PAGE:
Statistics, computer biology and the future. R!

I have been attempting to learn R. And biostatistics and how to analyze large datasets…not having been traditionally trained in these things (at least not in a super formal way).

It’s going slowly in fits and starts. @ALoraine205 suggested I document what I’ve been tryign to learn. That won’t be pretty as I haven’t been able to devote my full attention to it, so it’s easy to forget what I’ve already learned.

So, why do I want to learn to do all of this? Because I want to push myself, but also prepare for the future when statisitics, computers and large datasets are all that will exist in biology in terms of data.

So here’s the inaugural post of an Idi  Ian learning R.

What do I know now?

1. I can load my data into R and am familiar with R studio and some packages.

2. I can do basic arithmetic, and t-tests as well as make very basic plots.

3. I know how to do some very, very simple manipulations of data to format it properly.

4. I know what packages are, but still am very unclear on what most of them actually do in any detail.

What are my stumbling blocks? 

Too numerous to count. Main = Main?! Yes, but in R Main = Main…the mains are different, some how? huh?! Still don’t fully grasp that one. And the help files for the various functions are gibberish to me. It’s English (my native language), but make no sense words do in help file. Googling things isn’t much more helpful.

Some of this blind spot is lack of education in statistics and in handling large datasets; but maybe I’m getting there. I know at least most of the software tools that people use to analyze these large datasets, but still have trouble running them myself nad am not sure how they all fit together with one another.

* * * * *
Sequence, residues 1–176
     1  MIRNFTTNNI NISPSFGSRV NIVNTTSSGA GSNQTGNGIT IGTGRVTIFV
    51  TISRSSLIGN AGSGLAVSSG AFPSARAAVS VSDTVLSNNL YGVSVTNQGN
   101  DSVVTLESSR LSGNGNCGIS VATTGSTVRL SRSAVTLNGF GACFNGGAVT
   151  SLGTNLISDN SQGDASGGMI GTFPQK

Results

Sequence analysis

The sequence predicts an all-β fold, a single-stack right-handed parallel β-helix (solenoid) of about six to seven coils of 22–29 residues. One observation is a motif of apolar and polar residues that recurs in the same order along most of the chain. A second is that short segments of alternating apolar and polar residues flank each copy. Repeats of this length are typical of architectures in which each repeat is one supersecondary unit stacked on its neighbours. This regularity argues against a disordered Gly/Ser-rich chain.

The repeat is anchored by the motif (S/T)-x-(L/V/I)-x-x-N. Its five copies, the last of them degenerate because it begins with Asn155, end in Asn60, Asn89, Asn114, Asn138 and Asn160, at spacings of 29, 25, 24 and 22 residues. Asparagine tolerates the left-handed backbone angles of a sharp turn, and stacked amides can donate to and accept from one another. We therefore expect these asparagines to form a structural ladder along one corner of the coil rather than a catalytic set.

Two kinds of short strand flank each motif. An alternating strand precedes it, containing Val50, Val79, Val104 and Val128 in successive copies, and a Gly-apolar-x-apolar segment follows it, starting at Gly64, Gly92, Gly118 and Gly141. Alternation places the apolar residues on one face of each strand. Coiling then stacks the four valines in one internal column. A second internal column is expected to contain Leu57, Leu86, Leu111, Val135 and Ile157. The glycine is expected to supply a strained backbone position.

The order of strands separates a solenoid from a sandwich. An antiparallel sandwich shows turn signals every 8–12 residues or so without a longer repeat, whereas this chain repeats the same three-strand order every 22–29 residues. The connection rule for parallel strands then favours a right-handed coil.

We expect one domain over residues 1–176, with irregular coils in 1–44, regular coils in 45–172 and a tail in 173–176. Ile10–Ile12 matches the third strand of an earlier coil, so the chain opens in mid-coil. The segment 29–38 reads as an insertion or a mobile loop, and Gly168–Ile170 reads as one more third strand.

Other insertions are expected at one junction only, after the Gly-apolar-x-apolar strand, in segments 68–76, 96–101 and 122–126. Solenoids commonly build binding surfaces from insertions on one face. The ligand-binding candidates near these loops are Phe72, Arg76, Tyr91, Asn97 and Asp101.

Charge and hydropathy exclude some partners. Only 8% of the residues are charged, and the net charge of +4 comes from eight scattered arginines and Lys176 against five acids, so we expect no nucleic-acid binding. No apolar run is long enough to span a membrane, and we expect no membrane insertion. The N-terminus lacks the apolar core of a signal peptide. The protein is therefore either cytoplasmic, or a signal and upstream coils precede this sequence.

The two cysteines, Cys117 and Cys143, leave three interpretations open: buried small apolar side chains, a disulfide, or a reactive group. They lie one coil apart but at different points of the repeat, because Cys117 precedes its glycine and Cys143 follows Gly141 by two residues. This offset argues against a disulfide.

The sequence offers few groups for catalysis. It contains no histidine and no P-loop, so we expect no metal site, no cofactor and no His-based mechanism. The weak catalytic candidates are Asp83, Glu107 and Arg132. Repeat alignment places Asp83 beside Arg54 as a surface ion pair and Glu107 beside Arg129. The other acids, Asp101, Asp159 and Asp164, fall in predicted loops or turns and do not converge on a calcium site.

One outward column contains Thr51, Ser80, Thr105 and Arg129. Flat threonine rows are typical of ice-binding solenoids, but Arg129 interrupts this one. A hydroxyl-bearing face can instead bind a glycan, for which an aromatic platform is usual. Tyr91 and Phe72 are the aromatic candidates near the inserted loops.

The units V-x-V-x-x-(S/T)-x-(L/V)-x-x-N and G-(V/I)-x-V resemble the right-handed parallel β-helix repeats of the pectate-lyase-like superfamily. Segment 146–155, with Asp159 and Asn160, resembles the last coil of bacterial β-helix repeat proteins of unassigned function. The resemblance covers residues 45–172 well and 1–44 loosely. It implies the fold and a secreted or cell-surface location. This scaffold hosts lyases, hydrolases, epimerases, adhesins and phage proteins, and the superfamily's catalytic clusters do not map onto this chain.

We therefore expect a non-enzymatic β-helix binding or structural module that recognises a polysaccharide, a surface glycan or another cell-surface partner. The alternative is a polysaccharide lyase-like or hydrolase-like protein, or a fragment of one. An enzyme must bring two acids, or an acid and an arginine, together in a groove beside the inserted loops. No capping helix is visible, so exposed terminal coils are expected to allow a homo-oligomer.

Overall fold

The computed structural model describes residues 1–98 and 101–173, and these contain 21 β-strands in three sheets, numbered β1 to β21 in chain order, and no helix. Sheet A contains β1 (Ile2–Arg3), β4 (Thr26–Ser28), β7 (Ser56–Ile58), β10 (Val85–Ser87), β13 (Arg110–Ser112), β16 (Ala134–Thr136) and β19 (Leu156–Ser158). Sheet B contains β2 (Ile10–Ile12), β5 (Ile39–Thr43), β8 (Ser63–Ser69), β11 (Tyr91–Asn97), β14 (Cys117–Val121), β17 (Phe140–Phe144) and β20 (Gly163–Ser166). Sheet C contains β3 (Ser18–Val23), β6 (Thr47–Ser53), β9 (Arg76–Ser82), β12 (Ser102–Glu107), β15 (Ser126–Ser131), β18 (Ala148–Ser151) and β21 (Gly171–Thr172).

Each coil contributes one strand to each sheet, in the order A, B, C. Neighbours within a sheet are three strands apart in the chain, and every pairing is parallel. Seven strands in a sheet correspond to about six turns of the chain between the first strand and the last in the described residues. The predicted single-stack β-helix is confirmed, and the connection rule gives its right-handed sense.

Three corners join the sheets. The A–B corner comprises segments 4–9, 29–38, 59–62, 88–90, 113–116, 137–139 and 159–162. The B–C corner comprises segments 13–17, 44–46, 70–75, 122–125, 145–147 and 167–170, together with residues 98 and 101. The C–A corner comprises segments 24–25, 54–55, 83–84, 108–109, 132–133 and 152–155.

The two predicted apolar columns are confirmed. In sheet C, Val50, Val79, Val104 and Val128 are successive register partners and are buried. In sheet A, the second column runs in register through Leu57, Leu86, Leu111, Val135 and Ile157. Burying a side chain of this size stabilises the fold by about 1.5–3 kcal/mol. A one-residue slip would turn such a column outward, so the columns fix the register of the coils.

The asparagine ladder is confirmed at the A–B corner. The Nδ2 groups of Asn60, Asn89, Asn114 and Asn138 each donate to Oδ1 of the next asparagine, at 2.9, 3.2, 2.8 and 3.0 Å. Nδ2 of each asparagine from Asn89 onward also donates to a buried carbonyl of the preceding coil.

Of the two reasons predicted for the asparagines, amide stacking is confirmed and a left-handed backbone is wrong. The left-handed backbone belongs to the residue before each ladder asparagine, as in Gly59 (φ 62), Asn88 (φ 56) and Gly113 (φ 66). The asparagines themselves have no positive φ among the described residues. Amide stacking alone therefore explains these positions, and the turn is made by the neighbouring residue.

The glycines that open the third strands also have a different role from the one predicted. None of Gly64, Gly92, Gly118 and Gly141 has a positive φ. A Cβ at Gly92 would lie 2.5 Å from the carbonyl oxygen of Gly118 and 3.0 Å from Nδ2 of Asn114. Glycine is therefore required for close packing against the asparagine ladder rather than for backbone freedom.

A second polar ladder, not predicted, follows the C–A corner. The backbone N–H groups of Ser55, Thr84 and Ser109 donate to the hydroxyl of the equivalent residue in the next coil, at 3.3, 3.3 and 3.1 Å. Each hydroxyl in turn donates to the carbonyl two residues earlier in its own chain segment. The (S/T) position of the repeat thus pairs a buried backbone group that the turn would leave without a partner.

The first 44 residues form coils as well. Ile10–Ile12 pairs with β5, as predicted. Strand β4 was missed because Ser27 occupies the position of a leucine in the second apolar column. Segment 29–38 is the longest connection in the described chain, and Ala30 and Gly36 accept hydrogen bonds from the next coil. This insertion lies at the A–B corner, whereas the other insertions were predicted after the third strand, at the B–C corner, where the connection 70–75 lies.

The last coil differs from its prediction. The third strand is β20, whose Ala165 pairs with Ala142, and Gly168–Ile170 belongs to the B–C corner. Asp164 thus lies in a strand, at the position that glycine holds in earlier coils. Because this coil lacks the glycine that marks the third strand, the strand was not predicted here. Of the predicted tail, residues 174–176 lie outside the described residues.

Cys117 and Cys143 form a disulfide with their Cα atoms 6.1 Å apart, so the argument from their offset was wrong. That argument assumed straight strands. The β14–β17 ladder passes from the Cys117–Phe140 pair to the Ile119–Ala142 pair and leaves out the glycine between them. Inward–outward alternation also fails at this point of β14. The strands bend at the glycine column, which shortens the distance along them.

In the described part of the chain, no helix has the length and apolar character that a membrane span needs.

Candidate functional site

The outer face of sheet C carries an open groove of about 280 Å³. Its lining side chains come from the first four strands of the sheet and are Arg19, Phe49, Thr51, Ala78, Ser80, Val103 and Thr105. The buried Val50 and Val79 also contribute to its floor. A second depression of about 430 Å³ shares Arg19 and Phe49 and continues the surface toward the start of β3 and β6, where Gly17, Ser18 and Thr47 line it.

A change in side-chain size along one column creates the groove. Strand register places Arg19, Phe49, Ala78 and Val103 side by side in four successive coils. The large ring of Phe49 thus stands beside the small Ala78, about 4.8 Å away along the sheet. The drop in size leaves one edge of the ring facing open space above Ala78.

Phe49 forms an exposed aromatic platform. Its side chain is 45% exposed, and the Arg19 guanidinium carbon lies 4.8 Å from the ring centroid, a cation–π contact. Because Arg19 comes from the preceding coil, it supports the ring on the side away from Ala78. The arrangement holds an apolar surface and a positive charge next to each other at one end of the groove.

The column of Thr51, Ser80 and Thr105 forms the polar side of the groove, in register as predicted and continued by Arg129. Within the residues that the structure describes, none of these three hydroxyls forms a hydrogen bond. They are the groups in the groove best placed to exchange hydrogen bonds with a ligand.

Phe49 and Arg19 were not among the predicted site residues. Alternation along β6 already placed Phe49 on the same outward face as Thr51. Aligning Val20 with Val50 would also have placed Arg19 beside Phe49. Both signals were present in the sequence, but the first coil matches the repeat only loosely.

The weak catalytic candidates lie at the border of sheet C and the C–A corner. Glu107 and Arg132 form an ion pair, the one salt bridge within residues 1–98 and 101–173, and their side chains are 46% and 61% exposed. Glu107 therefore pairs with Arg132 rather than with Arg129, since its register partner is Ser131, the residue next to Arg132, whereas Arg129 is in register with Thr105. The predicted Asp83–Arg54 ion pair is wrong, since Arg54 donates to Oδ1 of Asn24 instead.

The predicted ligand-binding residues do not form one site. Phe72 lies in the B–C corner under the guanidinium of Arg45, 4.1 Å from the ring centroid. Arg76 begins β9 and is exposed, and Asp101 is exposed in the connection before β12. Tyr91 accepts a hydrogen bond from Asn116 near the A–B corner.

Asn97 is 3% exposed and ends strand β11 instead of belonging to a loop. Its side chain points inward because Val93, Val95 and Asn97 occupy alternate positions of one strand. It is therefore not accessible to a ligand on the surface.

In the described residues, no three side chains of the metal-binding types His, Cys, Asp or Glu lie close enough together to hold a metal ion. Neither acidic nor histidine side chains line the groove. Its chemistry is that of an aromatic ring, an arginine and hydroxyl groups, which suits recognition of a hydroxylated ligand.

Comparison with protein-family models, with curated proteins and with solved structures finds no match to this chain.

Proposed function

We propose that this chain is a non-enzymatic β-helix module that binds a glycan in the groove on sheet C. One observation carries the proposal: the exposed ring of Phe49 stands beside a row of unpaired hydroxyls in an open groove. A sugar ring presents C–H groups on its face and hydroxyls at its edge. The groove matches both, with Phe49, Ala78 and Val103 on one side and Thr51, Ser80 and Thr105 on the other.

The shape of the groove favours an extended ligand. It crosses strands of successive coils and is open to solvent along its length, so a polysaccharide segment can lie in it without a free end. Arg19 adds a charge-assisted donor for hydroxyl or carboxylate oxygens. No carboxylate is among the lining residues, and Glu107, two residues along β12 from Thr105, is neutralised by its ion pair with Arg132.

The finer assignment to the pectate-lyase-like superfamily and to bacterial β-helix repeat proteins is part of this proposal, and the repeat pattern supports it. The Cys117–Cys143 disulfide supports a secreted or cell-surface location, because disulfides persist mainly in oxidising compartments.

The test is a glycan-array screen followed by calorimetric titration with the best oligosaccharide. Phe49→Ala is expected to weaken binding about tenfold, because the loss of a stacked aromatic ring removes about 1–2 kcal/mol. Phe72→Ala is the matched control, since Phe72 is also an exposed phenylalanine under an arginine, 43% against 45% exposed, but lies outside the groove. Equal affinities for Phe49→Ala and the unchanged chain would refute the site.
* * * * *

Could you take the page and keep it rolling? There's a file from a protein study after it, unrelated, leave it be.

I am also not a computer programmer, so the command line thing is a little challenging too.

What are my goals?

1. Biggest one is that I want to do all of my statistics and data analysis in R, if possible; I think that’s possible. Most of what I have are continuous data measurements, qRTPCR data and other things like that that R should breeze through. And I would love to be able to better mine published large data sets (microarrays, RNAseq, etc.) as well as design and analyze my own.

Anyway, I hope someone finds my path to learning enlightening some how or can help me along the way; for years, I was terrified of saying I didn’t know something or how to do something (oh, then I’ll just pass this off to someone who does– since taking time to learn something new isn’t something anyone has time for any more…at least that’s how I sense the culture around me). And it’s showing vulnerability- possibly weakness at some level. Hopefully this will help me learn, help teachers figure out where student’s stumbling blocks are (if they’re not aware already) and hopefully we’ll have some fun too. This should become a regular feature on the blog. Let me know if it doesn’t.












Author: Ian Street

Ian is a plant scientist and science writer relating stories of plant science and scientists on his blog, The Quiet Branches as well as other outlets. You can find him on Twitter @IHStreet.

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